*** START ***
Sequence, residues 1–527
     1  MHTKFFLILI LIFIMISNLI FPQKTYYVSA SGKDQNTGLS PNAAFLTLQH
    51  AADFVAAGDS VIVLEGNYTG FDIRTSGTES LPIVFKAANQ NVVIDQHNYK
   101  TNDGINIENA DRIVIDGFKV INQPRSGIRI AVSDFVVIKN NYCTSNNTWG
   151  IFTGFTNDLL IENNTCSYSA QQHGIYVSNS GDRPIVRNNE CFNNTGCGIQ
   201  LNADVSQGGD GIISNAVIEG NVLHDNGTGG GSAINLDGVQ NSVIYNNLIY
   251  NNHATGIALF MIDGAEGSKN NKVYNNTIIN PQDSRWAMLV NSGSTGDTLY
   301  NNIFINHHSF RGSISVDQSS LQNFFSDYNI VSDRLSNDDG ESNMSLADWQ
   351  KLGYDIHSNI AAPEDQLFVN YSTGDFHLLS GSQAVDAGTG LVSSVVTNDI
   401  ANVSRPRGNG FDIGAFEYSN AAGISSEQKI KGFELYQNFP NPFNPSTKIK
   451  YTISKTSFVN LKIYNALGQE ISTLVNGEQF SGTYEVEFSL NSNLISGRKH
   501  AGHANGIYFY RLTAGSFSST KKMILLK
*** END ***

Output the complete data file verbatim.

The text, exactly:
Sequence, residues 1–527
     1  MHTKFFLILI LIFIMISNLI FPQKTYYVSA SGKDQNTGLS PNAAFLTLQH
    51  AADFVAAGDS VIVLEGNYTG FDIRTSGTES LPIVFKAANQ NVVIDQHNYK
   101  TNDGINIENA DRIVIDGFKV INQPRSGIRI AVSDFVVIKN NYCTSNNTWG
   151  IFTGFTNDLL IENNTCSYSA QQHGIYVSNS GDRPIVRNNE CFNNTGCGIQ
   201  LNADVSQGGD GIISNAVIEG NVLHDNGTGG GSAINLDGVQ NSVIYNNLIY
   251  NNHATGIALF MIDGAEGSKN NKVYNNTIIN PQDSRWAMLV NSGSTGDTLY
   301  NNIFINHHSF RGSISVDQSS LQNFFSDYNI VSDRLSNDDG ESNMSLADWQ
   351  KLGYDIHSNI AAPEDQLFVN YSTGDFHLLS GSQAVDAGTG LVSSVVTNDI
   401  ANVSRPRGNG FDIGAFEYSN AAGISSEQKI KGFELYQNFP NPFNPSTKIK
   451  YTISKTSFVN LKIYNALGQE ISTLVNGEQF SGTYEVEFSL NSNLISGRKH
   501  AGHANGIYFY RLTAGSFSST KKMILLK